2 (lx^2 + ly^2) (ly^2 - lz^2) (lx^2 + lz^2) (Omega)y(
           t) (Omega)z(t) + 
         3 ly (lx^2 + ly^2) lz (lx^2 - 2 lz^2) (Omega)z(
           t)^2))/(5 lx^4 (ly^2 + lz^2) + 32 ly^2 lz^2 (ly^2 + lz^2) +
       lx^2 (5 ly^4 - 62 ly^2 lz^2 + 5 lz^4)), 
  Derivative(1)((Omega)y)(
    t) == (3 lx (5 lx^2 - 16 ly^2) lz (ly^2 + lz^2) (Omega)x(
        t)^2 + (Omega)x(
        t) (3 ly lz (lx^2 (-23 ly^2 + lz^2) + 
            12 (ly^2 + lz^2)^2) (Omega)y(
           t) + (lx^2 + ly^2) (5 lx^2 + 12 ly^2 - 20 lz^2) (ly^2 + 
            lz^2) (Omega)z(t)) + 
      3 lx (3 ly^2 lz (-4 lx^2 + 3 ly^2 + 7 lz^2) (Omega)y(t)^2 + 
         ly (3 ly^4 + 20 ly^2 lz^2 + 9 lz^4 + 
            lx^2 (3 ly^2 - 13 lz^2)) (Omega)y(t) (Omega)z(
           t) + (lx^2 + ly^2) lz (7 ly^2 - 5 lz^2) (Omega)z(
           t)^2))/(5 lx^4 (ly^2 + lz^2) + 32 ly^2 lz^2 (ly^2 + lz^2) +
       lx^2 (5 ly^4 - 62 ly^2 lz^2 + 5 lz^4)), 
  Derivative(1)((Omega)z)(
    t) == (-3 lx ly (5 lx^2 - 16 lz^2) (ly^2 + lz^2) (Omega)x(
        t)^2 - (Omega)x(
        t) ((lx^2 + lz^2) (ly^2 + lz^2) (5 lx^2 - 20 ly^2 + 
            12 lz^2) (Omega)y(t) + 
         3 ly lz (lx^2 (ly^2 - 23 lz^2) + 
            12 (ly^2 + lz^2)^2) (Omega)z(t)) + 
      3 lx ((lx^2 + lz^2) (5 ly^3 - 7 ly lz^2) (Omega)y(t)^2 - 
         lz (9 ly^4 + 20 ly^2 lz^2 + 3 lz^4 + 
            lx^2 (-13 ly^2 + 3 lz^2)) (Omega)y(t) (Omega)z(t) - 
         3 ly lz^2 (-4 lx^2 + 7 ly^2 + 3 lz^2) (Omega)z(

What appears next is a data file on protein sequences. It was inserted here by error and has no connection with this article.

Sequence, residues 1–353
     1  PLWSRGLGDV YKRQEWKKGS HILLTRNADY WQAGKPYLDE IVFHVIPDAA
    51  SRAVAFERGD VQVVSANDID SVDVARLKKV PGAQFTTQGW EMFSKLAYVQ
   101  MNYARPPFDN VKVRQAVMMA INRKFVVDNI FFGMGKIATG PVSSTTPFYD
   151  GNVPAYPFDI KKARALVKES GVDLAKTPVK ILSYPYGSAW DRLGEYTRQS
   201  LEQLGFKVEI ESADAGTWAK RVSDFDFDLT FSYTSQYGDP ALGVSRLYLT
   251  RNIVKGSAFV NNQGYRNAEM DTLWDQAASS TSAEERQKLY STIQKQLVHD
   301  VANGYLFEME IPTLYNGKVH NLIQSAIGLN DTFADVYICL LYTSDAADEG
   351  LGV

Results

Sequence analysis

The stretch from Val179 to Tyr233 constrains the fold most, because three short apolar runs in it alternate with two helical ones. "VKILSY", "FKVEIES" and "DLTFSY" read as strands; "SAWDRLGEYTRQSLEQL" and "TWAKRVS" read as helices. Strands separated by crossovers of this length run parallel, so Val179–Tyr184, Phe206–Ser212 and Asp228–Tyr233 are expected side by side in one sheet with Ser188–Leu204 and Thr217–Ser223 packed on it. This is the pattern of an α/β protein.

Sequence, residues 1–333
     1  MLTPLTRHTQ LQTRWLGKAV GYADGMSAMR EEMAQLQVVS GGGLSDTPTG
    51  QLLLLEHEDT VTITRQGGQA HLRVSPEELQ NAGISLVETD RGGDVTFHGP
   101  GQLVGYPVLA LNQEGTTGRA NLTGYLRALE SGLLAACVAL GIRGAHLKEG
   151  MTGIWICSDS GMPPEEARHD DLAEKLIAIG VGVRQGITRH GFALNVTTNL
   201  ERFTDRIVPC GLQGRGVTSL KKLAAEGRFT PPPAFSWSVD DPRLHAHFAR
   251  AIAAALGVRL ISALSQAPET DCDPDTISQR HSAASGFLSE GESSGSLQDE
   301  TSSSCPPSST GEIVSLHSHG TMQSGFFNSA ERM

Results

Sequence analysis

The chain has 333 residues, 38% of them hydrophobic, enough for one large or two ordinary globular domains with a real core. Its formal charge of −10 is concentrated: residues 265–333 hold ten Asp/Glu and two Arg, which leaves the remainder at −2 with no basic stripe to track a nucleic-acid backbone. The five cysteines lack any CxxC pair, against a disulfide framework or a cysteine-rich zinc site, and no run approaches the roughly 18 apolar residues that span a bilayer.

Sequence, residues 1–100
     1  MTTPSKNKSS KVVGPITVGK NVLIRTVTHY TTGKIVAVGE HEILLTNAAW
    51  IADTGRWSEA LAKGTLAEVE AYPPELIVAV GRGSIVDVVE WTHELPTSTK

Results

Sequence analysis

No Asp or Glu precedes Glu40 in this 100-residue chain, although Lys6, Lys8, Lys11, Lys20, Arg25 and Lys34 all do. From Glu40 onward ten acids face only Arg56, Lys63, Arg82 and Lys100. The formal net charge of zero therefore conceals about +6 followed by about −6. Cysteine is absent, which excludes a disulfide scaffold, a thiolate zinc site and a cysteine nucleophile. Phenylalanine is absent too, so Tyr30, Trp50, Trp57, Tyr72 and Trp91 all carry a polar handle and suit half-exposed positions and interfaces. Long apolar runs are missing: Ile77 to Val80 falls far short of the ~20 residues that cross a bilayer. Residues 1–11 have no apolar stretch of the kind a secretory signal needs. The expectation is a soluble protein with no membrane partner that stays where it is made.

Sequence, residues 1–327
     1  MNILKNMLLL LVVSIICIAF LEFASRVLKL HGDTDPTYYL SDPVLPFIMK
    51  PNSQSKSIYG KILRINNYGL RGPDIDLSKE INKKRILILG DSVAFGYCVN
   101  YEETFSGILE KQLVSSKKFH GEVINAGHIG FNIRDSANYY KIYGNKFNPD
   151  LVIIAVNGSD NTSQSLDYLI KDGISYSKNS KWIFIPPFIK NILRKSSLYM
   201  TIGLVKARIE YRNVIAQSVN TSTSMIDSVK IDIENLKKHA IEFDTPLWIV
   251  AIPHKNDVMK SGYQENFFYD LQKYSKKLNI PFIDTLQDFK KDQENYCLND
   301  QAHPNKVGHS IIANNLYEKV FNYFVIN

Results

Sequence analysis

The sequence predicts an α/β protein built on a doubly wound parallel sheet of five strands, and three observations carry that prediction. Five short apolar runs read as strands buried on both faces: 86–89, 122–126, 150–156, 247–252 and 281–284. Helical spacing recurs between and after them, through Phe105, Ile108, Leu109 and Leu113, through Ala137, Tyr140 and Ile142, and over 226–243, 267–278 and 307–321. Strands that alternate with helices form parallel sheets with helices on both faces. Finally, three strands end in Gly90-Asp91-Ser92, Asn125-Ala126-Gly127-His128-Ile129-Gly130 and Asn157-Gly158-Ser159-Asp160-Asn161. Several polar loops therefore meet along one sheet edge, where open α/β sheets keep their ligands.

t)^2))/(5 lx^4 (ly^2 + lz^2) + 32 ly^2 lz^2 (ly^2 + lz^2) +
       lx^2 (5 ly^4 - 62 ly^2 lz^2 + 5 lz^4)), (Theta)x(0) == 
   0, (Theta)y(0) == 0, (Theta)z(0) == 0, (Omega)x(0) == 
   2 (Pi)/180, (Omega)y(0) == 2 (Pi)/180, (Omega)z(0) == 
   2 (Pi)/180}
solplot3Dorig = 
 Flatten@NDSolve(
   eqnplotorig, {(Theta)x, (Theta)y, (Theta)z, (Omega)x, 
(Omega)y, (Omega)z}, {t, 0, tmax})
Plot(Evaluate({(Theta)x(t), (Theta)y(t), (Theta)z(t)} /. 
   solplot3Dorig), {t, 0, tmax}, 
 PlotLegends -> 
  Placed({(Theta)x(t), (Theta)y(t), (Theta)z(t)}, {0.85, 0.55}))
Plot(Evaluate({(Omega)x(t), (Omega)y(t), (Omega)z(t)} /. 
   solplot3Dorig), {t, 0, tmax}, 
 PlotLegends -> 
  Placed({(Omega)x(t), (Omega)y(t), (Omega)z(t)}, {0.85, 0.55}))

Here I solve theta values that will be used in my direction cosine matrix. Which is defined as :

Dirmat = {{1, 0, 0}, {0, Cos((Theta)x(t)), -Sin((Theta)x(t))}, {0, 
    Sin((Theta)x(t)), Cos((Theta)x(t))}} . {{Cos((Theta)y(t)), 0,